CRACK COCAINE ADDICTION
What is crack cocaine?
Crack cocaine is the name given to the solid form of powdered cocaine. It is referred to as ‘crack’ because of the cracking sound it makes when heated, and is typically found as small rocks that are off-white or yellow in colour. Crack cocaine has become increasingly popular among users as a cheaper, faster-acting alternative to cocaine because of the intense high it produces. It is referred to as ‘crack’ because of the cracking sound it makes when heated.
Crack cocaine symptoms and effects
- High body temperature
- Cravings for more crack
- Heightened alertness
- Rapid heart rate
- High blood pressure
- Dilated eyes
- Loss of appetite
- Heart failure
- Respiratory failure
- Permanent damage to blood vessels
- High blood pressure
- Infectious diseases
- Engaging in risky behaviour
- Tooth decay
- Sexual dysfunction
- Disorientation and confusion
- Respiratory failure
- Kidney failure
- Heart attack
What is crack cocaine addiction?
Addiction is characterised by the obsessive need to find and use certain substances, in this case, crack cocaine. Crack is extremely potent in comparison to powdered cocaine and addiction can develop rapidly, with an intense desire to continue using after just one hit. If you have become addicted to crack cocaine, then you may find that being without it can leave you experiencing intense cravings, irritability and increased anxiety. When you’re in the throes of addiction, it is often impossible to think about anything else, this compulsion and need for the drug is what separates addiction from general drug abuse.
Cocaine vs crack
For many years, cocaine has been considered a ‘middle class’ drug, while crack cocaine has always been associated with use amongst poorer communities. However, while their appearances may differ, there are no pharmacological differences between the two whatsoever. Cocaine is generally found as a white powder, while crack resembles a white or yellow rock, and the manner of use is different in both.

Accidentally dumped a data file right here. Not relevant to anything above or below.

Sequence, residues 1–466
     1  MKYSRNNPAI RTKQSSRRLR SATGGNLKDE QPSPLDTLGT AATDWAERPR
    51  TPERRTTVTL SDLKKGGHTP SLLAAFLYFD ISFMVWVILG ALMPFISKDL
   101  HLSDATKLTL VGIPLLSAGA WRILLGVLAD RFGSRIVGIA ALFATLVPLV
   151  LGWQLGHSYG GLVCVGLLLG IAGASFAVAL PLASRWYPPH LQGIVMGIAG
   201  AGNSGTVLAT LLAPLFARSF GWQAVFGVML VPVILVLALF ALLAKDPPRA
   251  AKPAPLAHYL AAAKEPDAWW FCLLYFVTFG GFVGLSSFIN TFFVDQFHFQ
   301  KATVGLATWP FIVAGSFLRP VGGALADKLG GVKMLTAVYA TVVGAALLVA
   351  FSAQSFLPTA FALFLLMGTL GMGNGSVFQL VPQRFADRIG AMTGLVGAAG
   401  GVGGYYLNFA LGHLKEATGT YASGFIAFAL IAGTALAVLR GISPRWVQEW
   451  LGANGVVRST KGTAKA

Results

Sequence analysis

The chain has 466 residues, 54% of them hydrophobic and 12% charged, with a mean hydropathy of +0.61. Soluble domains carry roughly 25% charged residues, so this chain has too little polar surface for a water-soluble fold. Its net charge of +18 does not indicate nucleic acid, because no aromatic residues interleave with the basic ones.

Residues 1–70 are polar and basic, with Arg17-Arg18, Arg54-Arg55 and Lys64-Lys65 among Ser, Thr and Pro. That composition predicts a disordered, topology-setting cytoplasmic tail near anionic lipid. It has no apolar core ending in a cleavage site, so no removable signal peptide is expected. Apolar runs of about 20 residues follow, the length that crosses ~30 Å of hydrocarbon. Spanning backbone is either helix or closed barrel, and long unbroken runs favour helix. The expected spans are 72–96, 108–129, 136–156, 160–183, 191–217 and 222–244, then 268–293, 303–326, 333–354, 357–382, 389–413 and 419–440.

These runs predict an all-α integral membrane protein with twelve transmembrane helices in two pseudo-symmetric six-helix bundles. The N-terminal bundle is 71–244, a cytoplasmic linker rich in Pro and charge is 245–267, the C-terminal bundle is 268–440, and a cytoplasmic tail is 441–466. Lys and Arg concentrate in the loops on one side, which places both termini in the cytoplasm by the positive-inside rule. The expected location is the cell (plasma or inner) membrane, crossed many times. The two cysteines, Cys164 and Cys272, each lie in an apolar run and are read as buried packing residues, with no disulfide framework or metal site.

Both drugs produce different highs depending on the method of use. Cocaine can be snorted or injected, while crack is smoked. When substances are injected or smoked their effects occur much faster, resulting in a more intense but shorter high. When cocaine is snorted, it takes longer to feel its effects resulting in a longer-lasting high. Because smoking produces such an immediate and intense high, the risk of addiction increases.
The two substances also differ in the eyes of the law, which is considered strange when taking into account the fact that they are both chemically identical. If you’re caught in possession of crack cocaine, you run a higher risk of being sentenced.
Detoxing from crack cocaine
- Difficulty concentrating
- Slowed activity or slowed thinking
- Vivid dreams or nightmares
- Suicidal thoughts or attempts
- Increased cocaine craving
While many people prefer to detox on an outpatient basis, there are some instances where an inpatient treatment program may be recommended. In particular, if you have health or family issues. In the interest of your wellbeing during the detox process, a residential detox is considered the safest option.